Your physical therapist should look at the mobility in your feet and your knees. They may give you exercises for those muscles and joints in addition to your ankle. Temporarily, they may also encourage different footwear or braces. Bracing is not the best option for everyone, and the type of brace is important. (See: To Brace or Not to Brace). It's best to work with your therapist in finding a brace rather than simply buying one at the local drug store.

It may even be necessary to evaluate your hips and pelvis. Many people with hypermobility struggle with hip and pelvic pain. Unfortunately, due to the more intimate location of those symptoms, they are often never discussed with a doctor. When it comes to the nervous system however, they are intimately related. In fact, the part of the brain that processes information for the foot and ankle is right next to the part that processes information for the pelvis. If you are experiencing persistent foot and ankle pain, despite doing all the orthopedic rehab your PT has recommended, it may be time to see a pelvic PT especially if you also have problems with urinary incontinence, bowel problems, or pain with penetration like using tampons or during intercourse or gynecology examinations.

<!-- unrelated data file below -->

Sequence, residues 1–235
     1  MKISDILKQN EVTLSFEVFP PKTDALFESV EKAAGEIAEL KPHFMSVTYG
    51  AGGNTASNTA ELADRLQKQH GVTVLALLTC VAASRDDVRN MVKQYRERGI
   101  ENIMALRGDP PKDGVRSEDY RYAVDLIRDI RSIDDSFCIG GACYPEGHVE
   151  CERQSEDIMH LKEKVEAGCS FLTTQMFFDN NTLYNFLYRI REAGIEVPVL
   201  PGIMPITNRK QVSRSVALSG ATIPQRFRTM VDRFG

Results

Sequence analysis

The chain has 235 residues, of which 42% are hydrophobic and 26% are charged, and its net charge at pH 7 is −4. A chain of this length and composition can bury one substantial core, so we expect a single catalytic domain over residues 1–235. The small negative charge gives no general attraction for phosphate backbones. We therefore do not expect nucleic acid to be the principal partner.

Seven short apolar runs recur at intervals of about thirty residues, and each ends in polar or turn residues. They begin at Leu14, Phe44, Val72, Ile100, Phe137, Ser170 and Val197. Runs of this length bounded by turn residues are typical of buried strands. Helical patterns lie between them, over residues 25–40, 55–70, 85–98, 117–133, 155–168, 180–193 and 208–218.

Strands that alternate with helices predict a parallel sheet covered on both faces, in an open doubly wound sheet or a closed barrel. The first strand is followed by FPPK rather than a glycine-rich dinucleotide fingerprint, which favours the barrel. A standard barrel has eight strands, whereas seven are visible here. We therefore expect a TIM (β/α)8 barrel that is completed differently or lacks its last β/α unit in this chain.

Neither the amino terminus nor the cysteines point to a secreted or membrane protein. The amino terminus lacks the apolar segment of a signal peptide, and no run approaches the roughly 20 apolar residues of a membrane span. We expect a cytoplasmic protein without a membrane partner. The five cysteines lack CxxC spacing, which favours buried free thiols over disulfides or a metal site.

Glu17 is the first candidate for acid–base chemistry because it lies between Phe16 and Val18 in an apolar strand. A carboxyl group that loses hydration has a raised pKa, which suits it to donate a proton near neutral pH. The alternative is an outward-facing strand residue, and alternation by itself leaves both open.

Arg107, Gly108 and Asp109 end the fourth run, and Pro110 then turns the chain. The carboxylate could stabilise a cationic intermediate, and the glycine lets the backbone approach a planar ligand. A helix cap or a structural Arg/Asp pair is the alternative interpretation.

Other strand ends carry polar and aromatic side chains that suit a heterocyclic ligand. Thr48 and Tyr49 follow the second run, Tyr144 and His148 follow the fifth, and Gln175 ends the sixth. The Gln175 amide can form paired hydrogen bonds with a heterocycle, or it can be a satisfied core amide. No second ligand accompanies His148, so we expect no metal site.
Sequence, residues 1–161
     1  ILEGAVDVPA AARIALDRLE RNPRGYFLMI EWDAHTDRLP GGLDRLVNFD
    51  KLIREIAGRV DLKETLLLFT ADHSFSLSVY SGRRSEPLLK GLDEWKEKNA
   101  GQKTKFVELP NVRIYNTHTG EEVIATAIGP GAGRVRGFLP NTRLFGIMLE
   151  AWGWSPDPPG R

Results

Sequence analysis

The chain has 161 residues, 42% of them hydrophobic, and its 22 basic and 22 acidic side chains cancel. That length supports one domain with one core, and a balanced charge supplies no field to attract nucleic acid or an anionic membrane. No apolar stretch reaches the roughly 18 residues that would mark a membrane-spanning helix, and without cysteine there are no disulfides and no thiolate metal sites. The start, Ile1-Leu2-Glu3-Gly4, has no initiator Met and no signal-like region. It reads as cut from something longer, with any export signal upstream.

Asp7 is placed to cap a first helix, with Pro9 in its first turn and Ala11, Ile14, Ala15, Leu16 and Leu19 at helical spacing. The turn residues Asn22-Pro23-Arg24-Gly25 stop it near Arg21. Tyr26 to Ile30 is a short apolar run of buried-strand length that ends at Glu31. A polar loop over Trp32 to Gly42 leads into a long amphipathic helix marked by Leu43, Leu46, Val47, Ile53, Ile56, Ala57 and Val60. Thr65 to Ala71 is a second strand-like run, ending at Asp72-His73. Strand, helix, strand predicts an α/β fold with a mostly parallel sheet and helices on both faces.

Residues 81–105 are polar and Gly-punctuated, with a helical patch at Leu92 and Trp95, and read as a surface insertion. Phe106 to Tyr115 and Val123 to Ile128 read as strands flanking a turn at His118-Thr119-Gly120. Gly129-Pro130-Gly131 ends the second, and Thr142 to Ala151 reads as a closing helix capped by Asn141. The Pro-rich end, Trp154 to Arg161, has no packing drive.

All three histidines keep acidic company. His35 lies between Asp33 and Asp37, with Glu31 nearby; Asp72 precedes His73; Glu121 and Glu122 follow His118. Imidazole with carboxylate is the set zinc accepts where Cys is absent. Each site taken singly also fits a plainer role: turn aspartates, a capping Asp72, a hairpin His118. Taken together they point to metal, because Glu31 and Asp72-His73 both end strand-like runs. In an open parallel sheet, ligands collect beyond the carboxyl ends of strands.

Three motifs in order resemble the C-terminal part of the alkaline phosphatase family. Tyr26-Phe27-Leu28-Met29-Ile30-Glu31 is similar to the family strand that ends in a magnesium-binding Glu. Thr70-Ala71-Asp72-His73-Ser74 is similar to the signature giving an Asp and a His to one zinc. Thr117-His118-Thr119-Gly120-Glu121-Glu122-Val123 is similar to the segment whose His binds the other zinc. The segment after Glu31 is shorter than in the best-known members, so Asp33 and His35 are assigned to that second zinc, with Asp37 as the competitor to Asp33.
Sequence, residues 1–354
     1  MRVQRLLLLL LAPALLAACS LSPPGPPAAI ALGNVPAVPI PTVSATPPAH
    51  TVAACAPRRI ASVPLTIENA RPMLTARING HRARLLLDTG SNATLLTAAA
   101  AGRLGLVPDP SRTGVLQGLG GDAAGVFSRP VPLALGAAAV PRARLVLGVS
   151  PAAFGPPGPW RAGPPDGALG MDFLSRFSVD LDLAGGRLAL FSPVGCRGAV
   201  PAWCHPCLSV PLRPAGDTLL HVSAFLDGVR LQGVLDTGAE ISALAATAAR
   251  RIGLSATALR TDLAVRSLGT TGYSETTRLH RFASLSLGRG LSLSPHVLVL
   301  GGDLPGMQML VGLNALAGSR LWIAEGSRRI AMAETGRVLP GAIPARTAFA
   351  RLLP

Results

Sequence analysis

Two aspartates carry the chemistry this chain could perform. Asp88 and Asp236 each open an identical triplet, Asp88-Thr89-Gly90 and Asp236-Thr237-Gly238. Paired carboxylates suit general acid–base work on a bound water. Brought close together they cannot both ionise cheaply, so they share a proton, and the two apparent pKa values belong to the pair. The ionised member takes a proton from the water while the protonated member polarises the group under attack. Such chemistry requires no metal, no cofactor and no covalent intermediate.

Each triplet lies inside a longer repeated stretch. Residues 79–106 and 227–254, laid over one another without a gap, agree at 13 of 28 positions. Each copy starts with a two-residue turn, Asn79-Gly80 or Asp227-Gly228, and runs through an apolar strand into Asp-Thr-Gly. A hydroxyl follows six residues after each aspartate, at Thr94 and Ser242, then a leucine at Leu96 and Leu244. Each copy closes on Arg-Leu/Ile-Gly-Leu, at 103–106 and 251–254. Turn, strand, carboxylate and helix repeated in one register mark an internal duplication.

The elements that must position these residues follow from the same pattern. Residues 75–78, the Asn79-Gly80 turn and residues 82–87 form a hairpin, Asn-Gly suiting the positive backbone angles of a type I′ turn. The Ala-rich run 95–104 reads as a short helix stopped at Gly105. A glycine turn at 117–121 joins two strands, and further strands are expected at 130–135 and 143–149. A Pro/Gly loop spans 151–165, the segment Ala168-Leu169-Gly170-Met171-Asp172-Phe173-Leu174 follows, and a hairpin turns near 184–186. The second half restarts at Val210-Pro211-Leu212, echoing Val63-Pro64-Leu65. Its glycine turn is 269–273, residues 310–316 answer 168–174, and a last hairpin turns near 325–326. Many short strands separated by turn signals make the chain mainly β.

People with EDS that impacts the vascular system can also have problems with blood flow. Even for hypermobility patients who don't have vascular EDS, they also commonly have problems with Raynaud's phenomenon, or dysautonomia related conditions like POTS which can impact their circulation and delay healing.

In general, our bodies heal themselves naturally by sending nutrient rich blood to supply the tissues in repairing themselves. Most people who sprain their ankle notice swelling on the outside of their ankle that makes it stiff and sore.